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Of all the albums in Iron Maiden's catalogue, this is probably the one that frequently gets the most flak. You would be safe saying that No Prayer For The Dying and Fear Of The Dark weren't up to usual standards, and there's a small crowd coming out now claiming Brave New World is poor as well (funny it took them so long, but never mind). But of all the albums, it has to be this one, closely followed by Virtual XI, that actually inspires pure vitriol from 'fans'. The slagging it gets is well known, but if you ask me the things it gets put down for are what, in my opinion, make it one of Maiden's strongest releases.
The most striking thing about this is the overall atmospherics, being what sets it apart from all the other albums. Sign Of The Cross starts off with a sinister Gregorian chant, and this pretty much sets the mood for the next hour and 10 minutes. It's not limited to the first song - various others start off with mellow semi-acoustic intros, including Blood On The World's Hands with it's stunning semi-acoustic bass intro. The album's artwork - black throughout with the most graphic Eddie ever - supports this, along with the serious themes of each and every songs.
The songs themselves still retain the classic Maiden touch. Sign Of The Cross, again, chugs along for 11 minutes repeating riff and riff to saturation point, yet still manages to cram in a classic Maiden-style solo right at the end, that wouldn't sound out of place on most other epics. Not long after that is Man On The Edge, just about the only upbeat song on the album, and it's a meaty fast-paced headbanger of a song.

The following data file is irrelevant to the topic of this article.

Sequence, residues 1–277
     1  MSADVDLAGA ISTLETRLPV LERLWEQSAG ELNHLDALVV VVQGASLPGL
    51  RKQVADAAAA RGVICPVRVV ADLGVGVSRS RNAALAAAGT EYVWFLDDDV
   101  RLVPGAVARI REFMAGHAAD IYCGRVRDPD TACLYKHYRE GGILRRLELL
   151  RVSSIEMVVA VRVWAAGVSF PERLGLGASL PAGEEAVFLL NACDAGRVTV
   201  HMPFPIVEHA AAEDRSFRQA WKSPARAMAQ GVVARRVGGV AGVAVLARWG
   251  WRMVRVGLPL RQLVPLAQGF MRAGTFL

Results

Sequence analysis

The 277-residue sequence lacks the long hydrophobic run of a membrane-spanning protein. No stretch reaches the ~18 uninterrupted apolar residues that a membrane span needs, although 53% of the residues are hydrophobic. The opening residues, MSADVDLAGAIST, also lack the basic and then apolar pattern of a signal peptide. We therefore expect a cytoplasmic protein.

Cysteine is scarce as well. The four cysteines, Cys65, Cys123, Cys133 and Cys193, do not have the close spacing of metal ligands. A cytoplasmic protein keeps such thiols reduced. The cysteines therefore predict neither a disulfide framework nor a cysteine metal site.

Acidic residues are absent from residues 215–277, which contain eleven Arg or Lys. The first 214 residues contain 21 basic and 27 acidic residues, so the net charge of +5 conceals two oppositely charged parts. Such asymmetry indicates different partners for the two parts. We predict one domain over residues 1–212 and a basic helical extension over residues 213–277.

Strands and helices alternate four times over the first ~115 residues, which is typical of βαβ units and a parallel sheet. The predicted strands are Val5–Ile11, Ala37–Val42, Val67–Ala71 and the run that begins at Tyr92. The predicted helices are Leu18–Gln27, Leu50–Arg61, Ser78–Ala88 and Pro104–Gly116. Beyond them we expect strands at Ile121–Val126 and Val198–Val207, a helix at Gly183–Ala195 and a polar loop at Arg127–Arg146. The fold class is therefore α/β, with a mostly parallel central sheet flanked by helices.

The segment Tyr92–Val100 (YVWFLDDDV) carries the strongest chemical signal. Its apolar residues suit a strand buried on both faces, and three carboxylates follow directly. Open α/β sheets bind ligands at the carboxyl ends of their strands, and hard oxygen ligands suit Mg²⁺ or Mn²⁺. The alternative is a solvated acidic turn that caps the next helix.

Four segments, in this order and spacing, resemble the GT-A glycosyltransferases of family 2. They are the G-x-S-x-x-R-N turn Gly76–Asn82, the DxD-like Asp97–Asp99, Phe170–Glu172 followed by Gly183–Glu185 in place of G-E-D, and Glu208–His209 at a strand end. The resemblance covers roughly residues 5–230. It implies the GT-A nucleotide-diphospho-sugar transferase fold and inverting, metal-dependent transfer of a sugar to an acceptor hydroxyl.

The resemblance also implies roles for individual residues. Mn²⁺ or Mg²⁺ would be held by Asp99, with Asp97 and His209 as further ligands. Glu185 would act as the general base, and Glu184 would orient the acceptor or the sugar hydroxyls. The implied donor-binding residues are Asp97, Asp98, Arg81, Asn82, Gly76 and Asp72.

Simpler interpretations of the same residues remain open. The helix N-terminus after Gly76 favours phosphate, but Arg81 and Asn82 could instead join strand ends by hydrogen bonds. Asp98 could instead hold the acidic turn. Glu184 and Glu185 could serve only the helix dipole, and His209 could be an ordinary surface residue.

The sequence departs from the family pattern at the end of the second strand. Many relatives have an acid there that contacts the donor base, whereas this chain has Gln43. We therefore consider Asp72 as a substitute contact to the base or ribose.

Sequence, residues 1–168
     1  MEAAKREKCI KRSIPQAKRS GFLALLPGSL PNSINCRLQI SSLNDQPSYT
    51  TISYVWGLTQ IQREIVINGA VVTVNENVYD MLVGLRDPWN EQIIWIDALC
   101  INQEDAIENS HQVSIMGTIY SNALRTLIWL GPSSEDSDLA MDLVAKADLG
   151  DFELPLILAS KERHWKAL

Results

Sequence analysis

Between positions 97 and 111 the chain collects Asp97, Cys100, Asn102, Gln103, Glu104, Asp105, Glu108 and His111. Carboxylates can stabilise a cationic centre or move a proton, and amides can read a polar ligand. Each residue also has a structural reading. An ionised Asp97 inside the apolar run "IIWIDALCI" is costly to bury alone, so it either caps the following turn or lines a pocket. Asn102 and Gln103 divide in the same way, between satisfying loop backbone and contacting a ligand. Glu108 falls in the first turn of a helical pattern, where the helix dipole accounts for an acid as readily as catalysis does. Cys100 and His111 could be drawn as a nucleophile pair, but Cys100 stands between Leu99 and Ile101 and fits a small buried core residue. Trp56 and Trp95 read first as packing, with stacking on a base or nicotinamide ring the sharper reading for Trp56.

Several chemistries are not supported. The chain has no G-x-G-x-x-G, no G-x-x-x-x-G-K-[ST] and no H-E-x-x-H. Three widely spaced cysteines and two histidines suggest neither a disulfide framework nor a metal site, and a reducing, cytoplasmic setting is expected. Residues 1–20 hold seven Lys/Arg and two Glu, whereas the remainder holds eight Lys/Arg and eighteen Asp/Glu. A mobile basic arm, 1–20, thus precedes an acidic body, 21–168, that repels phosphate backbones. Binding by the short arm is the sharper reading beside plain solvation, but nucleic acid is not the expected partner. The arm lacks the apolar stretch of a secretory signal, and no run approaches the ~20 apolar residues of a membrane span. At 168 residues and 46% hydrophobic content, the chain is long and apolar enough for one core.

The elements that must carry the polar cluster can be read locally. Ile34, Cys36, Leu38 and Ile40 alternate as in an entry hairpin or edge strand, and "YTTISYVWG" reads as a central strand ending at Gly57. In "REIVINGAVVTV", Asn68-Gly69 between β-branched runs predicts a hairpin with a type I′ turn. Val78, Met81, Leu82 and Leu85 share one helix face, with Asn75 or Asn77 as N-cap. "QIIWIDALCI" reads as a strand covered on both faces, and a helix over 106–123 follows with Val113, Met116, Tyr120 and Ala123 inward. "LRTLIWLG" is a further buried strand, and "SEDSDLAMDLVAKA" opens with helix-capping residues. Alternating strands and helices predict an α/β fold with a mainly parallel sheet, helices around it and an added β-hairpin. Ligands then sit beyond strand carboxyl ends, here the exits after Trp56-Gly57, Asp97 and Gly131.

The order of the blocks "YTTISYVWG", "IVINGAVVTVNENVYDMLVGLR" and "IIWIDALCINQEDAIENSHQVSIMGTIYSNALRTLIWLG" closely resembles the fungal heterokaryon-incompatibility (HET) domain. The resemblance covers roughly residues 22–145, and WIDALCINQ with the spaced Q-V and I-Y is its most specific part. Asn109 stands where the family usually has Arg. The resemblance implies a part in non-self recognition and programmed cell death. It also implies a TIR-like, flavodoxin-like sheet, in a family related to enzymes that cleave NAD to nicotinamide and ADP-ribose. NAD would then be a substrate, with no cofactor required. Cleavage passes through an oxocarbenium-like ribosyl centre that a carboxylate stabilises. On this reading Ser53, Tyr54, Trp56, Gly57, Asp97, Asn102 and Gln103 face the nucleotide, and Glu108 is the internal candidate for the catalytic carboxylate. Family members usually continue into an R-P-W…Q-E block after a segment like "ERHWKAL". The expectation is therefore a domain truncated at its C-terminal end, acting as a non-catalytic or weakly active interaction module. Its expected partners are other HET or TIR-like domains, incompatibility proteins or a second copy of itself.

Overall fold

All the others, despite some non-con introductions, still contain some classic riffing, great lyrics and great solos. Fortunes Of War stands out, and Look For The Truth has always been a favourite of mine lyric-wise. If you've had some hard times in your life, you'll probably find something to connect to in here.
Blaze Bayley, of course, takes a lot of undue punishment and is thought of as some as the man who ruined Maiden. Bullshit, of course. You have to ask yourself, could Bruce Dickinson sing these songs and still capture the feeling? I doubt it, really. Blaze's low-pitched voice suits these songs brilliantly, and he's got a great sounding voice as it is. Maybe he didn't fit in so well on Virtual XI, but here he's just the man for the job.
The trick to appreciating this album is to keep an open mind. If you're expecting The Number Of The Beast again you are certain to be disappointed. And frankly, anyone still expecting another album like that after all this time deserves to be disappointed. Maiden's sound has changed, and this is probably where it truly began.